Don’t patronise women

The evening news has become annoying.

Each night this week the bulletins have included the fortunes of the England women’s football team among the headlines. This evening no superlatives were spared in describing the victory of the women’s team over the Swedish women’s team. To listen to the vocabulary used¬† one might have imagined that the game was a watershed in the history of art or science. ‘Gravity-defying’ was the term used to describe the scoring of one goal.

‘Nine million viewers,’ said the presenter. Well, yes. It was at peak viewing time on the BBC, is that a great deal different than it would be for any programme that had been hyped for days.

Were I a woman, I would have been embarrassed at the ridiculous boosterism of the television reporters. I grew up in a community where there was no need for people to seek equality, it was assumed. Women in that community would have felt no need for anyone to talk them up.

Farm life demanded the efforts of all who could participate. My grandmother owned her own fields and had her own income. A diminutive figure of four feet ten inches, she was mother to seven, grandmother to twenty, and a woman with an extraordinary capacity for work.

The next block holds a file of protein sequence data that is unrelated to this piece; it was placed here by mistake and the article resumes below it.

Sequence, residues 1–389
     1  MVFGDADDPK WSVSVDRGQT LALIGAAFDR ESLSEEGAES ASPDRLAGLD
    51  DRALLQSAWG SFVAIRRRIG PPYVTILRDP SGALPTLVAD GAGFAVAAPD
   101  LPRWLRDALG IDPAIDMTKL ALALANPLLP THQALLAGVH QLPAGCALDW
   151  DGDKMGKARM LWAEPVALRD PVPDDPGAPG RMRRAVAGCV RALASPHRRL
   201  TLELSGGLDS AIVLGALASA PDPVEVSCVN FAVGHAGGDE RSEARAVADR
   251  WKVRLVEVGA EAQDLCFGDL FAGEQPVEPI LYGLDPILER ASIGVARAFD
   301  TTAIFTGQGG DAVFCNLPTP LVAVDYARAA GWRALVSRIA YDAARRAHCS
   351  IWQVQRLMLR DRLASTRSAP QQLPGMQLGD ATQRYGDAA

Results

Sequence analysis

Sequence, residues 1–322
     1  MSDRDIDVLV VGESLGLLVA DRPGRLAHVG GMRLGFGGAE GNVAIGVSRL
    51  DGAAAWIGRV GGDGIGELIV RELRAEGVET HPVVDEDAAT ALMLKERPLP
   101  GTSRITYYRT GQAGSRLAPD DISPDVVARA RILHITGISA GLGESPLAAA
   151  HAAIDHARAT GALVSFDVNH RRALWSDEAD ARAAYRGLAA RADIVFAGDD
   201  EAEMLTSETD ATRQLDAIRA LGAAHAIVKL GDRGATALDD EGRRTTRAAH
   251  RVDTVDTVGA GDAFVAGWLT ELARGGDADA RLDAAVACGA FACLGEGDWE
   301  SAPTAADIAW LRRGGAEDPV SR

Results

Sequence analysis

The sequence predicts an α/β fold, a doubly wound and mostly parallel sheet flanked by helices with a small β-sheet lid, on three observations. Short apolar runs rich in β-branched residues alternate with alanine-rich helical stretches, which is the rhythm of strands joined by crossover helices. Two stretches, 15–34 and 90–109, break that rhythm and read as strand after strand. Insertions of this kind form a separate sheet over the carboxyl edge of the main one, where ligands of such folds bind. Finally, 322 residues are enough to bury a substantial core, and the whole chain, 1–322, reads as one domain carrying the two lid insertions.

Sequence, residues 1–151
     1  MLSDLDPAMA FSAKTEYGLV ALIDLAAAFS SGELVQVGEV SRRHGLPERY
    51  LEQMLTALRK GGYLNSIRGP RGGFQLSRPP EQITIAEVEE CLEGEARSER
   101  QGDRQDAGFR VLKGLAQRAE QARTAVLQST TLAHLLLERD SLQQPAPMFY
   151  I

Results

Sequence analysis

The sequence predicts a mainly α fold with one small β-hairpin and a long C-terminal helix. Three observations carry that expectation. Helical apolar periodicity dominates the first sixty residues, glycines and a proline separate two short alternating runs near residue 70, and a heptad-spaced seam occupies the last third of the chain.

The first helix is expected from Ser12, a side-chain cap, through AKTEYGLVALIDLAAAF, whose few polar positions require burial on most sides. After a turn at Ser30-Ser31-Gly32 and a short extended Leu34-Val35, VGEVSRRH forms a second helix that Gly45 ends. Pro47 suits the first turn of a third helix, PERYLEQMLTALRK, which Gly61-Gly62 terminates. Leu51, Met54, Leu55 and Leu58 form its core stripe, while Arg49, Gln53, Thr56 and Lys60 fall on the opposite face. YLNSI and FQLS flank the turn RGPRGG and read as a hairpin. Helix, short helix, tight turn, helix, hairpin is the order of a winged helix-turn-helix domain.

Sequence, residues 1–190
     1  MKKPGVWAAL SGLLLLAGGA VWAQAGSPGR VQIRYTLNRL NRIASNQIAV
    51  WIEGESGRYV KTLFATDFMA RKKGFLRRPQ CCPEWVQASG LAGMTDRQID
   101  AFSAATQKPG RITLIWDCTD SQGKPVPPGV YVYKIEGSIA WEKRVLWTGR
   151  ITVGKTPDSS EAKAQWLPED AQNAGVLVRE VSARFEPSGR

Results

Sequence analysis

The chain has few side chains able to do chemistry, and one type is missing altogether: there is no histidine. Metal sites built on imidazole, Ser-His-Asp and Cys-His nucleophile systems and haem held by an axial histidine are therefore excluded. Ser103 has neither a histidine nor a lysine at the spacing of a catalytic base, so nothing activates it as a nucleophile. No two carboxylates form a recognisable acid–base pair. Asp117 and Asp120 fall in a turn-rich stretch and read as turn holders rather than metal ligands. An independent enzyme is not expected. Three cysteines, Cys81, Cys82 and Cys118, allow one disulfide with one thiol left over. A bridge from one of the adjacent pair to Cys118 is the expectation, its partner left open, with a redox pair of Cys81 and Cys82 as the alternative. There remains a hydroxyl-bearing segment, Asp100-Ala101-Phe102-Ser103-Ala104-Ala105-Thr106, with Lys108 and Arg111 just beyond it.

Men assumed an equality without it needing to be discussed. Children would be as likely seen perched on the footplates of tractors or sat smiling on open trailers as being pushed in prams (of course, once a child reached twelve or thirteen years of age, they might be found driving the tractors themselves).

The working equality of farms meant boundless opportunities to be outside, and to wonder at the misfortune of those who had to endure life in towns and cities.

Perhaps it was the nature of country life that led to an assumption that all people were equal. Equestrian sports arose from country life.¬† Show jumping, dressage, cross-country had their roots in hunting, and woe betide anyone who might suggest a woman coukldn’t ride to hounds. It is some fifty years since Princess Anne rode in the Great Britain equestrian team in the Olympic Games.

When Margaret Thatcher became Conservative leader in 1975, no-one in our community thought it odd. Mrs Thatcher would have made a formidable figure riding a fifteen hands hunter.

Perhaps the notable story behind the football competition is that they have taken five decades to reach a point that women on horses passed almost unnoticed.

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